So the choice to bring Lenore from the retirement community to live with us 3 years later meant clearing a stuffed little room in the basement for our youngest son, who still lived at home. Then turning his room into Norna’s (Lenore’s grandma name). We knew she rose much earlier than I did, so in order to avoid further destroying my already-compromised health, we hired a woman to come each morning as Doug went to work. Bernie fixed Lenore’s breakfast, then took her out. The Adult Community Center was invaluable for activities and socializing. When Bernie brought Lenore home at noon, she wrote in the journal we kept. We accumulated 12 journals with details about Lenore’s year with us. Where she went, ate, who she saw, changes we noted. I began using the journals, too, as personal therapy!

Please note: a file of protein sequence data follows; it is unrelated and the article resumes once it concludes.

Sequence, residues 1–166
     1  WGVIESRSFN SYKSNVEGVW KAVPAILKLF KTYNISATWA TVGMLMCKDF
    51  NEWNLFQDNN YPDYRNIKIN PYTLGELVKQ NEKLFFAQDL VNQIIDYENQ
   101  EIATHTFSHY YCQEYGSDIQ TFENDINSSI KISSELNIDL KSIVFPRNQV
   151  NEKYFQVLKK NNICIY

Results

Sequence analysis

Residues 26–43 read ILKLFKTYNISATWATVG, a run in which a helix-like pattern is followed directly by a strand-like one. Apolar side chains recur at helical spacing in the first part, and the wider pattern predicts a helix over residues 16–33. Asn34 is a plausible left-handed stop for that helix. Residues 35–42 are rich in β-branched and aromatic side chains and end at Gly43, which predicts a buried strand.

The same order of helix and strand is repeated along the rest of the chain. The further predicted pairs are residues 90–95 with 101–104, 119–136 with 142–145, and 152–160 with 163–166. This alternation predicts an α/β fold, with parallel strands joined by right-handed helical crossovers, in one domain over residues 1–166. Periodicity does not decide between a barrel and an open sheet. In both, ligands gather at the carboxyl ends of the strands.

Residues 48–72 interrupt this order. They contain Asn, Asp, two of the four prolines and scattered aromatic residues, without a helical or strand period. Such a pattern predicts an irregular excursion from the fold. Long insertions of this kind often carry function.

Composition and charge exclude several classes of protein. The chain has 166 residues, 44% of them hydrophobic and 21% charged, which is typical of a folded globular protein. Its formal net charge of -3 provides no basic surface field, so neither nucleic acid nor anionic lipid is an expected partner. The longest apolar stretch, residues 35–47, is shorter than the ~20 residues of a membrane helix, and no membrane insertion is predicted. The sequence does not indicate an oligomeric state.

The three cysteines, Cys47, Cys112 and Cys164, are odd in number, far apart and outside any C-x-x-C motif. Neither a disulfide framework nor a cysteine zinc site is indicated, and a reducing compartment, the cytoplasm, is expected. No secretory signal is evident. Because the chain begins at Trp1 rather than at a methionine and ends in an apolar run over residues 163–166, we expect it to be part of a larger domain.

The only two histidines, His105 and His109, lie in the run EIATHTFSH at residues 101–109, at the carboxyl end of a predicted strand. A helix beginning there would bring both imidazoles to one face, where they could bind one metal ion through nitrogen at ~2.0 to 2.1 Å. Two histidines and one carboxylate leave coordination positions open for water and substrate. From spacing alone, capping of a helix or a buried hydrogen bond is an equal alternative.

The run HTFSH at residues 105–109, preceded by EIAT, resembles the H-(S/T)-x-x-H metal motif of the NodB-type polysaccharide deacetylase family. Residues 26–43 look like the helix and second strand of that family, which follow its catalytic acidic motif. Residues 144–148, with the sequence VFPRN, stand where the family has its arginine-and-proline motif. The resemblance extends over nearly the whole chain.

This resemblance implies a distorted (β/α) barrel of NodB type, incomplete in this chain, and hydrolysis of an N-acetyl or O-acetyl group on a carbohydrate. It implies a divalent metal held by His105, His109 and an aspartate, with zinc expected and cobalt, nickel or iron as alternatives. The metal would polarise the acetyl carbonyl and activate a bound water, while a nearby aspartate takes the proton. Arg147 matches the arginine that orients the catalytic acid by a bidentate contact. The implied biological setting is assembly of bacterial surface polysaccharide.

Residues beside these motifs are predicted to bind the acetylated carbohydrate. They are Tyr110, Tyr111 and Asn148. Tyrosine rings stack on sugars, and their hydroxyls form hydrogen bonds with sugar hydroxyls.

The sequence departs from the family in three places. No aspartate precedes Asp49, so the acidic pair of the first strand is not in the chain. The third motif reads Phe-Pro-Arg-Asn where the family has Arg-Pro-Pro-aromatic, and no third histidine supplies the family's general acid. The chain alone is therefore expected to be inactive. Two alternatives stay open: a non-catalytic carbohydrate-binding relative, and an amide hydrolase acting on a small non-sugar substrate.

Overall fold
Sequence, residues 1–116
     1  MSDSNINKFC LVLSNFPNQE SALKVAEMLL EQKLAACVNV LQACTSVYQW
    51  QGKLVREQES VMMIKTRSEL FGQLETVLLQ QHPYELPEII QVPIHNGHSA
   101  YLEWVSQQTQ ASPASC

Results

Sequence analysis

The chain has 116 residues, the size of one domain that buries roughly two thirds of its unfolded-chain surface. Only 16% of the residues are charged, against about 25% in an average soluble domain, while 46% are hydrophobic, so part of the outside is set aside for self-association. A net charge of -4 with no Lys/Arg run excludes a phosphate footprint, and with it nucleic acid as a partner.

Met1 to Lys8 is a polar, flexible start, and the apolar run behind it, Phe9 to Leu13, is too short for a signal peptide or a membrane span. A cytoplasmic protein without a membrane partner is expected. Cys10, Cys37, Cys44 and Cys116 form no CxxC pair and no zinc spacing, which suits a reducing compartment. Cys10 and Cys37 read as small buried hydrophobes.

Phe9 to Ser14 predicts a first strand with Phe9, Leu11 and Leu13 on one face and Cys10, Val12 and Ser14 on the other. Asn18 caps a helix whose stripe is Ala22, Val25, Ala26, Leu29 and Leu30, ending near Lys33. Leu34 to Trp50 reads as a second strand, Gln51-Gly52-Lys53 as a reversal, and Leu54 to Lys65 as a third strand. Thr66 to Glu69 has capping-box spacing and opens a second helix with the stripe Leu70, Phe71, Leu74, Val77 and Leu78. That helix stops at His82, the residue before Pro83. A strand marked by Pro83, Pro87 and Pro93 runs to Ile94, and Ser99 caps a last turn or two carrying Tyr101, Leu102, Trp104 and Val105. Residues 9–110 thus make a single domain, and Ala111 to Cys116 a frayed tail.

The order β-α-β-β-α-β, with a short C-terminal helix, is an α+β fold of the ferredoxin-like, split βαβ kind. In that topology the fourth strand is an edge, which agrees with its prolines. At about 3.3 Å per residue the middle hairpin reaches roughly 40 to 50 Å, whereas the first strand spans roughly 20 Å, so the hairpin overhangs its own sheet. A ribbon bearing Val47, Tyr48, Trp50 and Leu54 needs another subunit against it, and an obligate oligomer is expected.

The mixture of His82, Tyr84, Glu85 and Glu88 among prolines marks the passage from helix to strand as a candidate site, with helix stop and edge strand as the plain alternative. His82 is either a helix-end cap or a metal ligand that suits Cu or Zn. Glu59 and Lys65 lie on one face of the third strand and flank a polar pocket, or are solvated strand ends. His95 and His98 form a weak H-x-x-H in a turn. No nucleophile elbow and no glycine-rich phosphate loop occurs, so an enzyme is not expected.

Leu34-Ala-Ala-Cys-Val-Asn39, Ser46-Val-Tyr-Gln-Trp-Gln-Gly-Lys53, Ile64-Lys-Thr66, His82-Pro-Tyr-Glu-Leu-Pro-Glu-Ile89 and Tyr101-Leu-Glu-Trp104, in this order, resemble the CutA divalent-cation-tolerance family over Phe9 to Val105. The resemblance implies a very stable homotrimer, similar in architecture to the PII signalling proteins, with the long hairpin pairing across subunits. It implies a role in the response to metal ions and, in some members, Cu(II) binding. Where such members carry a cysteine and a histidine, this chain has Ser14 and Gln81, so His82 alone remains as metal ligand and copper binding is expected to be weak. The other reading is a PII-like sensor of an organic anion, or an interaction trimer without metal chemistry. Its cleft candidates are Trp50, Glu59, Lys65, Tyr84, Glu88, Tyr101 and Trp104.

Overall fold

First problem was Lenore couldn’t remember she’d been out. From the instant she saw me, it was, “Can we go someplace? I get tired of just sitting here.” I would read to her from the journal about where she’d been, but she got very antsy. She stared for long periods out the big picture window she no longer recognized as having been her own and often remarked how quiet the street was. In time I realized she meant how boring. When she talked about how big that tree across the street was, I thought it looked beautiful. We caught on she was afraid it would fall on our house. I fixed a healthy lunch and dinner every day, but more and more she’d beg to go out and eat, just to go somewhere. This formerly-frugal lady became a go-go girl! She couldn’t focus on TV shows for long. Books were useless when her mind couldn’t follow the storyline. We thought she’d be happier with us, but we soon learned how much she craved the visual stimulation of just watching people walk by. She’d had that sitting in the common area of the retirement community.